Hilliard police equip all cruisers with AEDs

A. Kevin Corvo
ThisWeek group
Hilliard Division of Police officer Dustin Gigandet on Feb. 3 describes the automated external defibrillators that now are being carried in each Hilliard cruiser.

Seconds matter when a person is in cardiac arrest.

Those seconds now might be better used in Hilliard, as each of the Hilliard Division of Police’s 29 cruisers is carrying an automated external defibrillator, best known by its acronym, AED.

“I’ve done CPR about a dozen times (and) didn’t always get the result I wanted,” officer Dustin Gigandet said.

The cruisers were equipped with AEDs in mid-January. After two weeks, Gigandet had not used the device but said he hopes, when necessary, that it would help him save lives more often.

The 29 AEDs were purchased for about $1,125 each, and the cost was divided evenly between the Norwich Township Fire Department and police division, said police spokeswoman Andrea Litchfield.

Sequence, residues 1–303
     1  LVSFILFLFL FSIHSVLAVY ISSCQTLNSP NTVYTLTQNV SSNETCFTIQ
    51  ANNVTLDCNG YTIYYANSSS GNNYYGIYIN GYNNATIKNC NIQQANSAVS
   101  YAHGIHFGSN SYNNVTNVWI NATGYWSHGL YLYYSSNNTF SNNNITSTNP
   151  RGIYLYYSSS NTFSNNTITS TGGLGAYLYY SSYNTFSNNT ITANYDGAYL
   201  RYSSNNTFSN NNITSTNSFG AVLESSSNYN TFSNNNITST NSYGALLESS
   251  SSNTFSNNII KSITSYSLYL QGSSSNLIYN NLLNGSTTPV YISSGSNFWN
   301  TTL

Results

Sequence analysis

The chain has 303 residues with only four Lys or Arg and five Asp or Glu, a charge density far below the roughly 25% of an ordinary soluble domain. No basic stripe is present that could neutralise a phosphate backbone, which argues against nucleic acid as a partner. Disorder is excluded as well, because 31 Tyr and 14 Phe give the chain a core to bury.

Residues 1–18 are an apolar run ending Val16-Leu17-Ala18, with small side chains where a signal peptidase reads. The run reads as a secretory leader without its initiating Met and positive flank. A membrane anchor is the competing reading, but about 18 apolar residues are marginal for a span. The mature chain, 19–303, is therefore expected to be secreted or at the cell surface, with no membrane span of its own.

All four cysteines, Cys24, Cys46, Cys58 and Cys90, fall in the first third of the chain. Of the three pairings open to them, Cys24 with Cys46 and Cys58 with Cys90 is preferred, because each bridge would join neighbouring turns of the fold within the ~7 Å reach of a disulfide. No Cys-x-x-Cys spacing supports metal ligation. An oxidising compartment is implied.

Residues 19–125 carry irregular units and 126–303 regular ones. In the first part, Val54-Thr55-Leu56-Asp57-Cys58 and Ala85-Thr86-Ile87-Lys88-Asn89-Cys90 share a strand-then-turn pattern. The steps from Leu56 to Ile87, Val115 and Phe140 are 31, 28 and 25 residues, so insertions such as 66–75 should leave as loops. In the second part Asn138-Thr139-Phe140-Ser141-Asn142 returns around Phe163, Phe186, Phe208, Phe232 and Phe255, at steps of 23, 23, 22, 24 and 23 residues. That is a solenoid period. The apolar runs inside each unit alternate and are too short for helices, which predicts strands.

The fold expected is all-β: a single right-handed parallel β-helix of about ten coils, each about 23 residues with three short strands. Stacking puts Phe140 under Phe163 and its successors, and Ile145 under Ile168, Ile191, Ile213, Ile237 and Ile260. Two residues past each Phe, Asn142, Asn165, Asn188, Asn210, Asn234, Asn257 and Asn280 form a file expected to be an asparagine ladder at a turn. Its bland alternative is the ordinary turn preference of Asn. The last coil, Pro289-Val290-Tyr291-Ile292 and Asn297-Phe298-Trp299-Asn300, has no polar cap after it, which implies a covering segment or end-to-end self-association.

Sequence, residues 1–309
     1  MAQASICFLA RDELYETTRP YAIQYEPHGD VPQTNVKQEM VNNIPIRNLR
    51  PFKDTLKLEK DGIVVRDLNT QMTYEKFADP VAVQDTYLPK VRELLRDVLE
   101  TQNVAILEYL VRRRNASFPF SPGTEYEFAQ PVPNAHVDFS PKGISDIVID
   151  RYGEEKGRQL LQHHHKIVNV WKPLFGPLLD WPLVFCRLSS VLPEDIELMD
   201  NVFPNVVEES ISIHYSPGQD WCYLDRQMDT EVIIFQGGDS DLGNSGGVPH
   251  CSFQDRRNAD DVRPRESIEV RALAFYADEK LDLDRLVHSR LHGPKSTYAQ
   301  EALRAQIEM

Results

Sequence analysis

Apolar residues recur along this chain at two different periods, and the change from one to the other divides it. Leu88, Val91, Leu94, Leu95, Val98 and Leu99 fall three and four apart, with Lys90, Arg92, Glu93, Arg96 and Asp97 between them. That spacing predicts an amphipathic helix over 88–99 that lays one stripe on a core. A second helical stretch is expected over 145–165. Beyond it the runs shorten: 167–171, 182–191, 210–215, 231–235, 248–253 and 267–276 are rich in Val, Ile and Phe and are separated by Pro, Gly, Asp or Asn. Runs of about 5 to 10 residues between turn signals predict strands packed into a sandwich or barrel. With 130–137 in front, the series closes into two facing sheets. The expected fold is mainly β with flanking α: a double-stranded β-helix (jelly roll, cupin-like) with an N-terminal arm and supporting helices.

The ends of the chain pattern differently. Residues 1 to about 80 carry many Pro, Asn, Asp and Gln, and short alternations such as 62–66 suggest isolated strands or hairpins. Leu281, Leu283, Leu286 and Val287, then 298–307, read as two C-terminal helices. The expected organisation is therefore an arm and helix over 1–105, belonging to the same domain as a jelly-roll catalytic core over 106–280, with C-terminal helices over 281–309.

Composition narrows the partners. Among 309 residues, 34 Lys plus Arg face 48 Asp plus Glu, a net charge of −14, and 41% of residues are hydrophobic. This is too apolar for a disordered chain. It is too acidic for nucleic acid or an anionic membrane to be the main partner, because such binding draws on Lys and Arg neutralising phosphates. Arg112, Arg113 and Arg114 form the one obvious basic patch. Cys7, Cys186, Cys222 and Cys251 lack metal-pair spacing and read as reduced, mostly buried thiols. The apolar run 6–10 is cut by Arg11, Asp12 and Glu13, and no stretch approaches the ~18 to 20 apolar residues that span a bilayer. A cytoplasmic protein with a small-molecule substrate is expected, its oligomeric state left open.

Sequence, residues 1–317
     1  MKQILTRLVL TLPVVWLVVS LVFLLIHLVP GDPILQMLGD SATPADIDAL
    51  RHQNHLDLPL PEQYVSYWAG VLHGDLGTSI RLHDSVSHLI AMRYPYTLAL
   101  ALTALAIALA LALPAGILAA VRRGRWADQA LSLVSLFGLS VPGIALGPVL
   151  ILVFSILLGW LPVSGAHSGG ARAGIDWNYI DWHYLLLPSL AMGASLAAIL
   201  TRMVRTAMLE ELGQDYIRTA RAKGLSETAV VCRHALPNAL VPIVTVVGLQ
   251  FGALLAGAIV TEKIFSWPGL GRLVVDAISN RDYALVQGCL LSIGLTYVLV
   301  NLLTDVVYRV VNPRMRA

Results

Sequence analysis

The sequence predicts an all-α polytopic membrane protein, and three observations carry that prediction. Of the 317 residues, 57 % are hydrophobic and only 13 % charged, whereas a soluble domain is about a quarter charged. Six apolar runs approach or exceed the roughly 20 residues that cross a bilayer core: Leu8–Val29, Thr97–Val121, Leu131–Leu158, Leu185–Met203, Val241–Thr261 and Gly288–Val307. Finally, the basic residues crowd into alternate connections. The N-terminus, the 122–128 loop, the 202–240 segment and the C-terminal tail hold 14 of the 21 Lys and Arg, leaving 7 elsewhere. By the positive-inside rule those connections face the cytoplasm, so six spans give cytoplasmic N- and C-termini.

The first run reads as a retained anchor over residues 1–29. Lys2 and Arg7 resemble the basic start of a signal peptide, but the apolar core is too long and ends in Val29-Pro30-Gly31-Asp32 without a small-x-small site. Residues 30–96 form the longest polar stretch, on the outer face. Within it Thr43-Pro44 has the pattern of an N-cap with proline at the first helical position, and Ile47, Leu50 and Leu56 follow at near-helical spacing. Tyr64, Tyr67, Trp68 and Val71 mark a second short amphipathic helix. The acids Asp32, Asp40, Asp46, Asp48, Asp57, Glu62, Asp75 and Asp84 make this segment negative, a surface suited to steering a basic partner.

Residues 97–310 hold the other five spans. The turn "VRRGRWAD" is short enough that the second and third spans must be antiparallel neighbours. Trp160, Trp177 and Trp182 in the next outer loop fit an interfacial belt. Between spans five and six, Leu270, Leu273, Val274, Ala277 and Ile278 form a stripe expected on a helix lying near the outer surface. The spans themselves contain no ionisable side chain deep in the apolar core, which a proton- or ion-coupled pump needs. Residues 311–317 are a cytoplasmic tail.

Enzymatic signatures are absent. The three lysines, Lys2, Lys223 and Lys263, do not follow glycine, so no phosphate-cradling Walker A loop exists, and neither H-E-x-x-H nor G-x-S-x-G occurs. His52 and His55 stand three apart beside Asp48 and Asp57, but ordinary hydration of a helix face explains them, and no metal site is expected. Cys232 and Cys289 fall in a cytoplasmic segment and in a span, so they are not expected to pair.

“(Police) are already on the road, in the neighborhoods and, in many instances, they are already in the house and doing CPR when we get there,” Norwich Township fire Lt. Justin Waples said.

Fire Chief Dave Baird said the AEDs are “a huge asset.”

The Hilliard Division of Police has equipped each of its cruisers with an automated external defibrillator. The 29 AEDs were purchased for about $1,125 each, and the cost was divided evenly between the Norwich Township Fire Department and police division, said police spokeswoman Andrea Litchfield.

The AEDs are similar to the models found in churches, school buildings and many other public places.

The devices detect whether or not to administer a shock based on the heart rhythm they sense and emit audible step-by-step directions for their use, Waples said.

Although AEDs can be used effectively by those with no training, each police officer undergoes CPR and AED training every two years.

In the hands of officers already trained in administering CPR and using an AED, the chance to save lives is enhanced, Waples said.

“At times, officers arrive to a (medical emergency) first, and having an AED in every car allows us the opportunity to change the outcome of someone’s life,” police Chief Robert Fisher said.

kcorvo@thisweeknews.com

@ThisWeekCorvo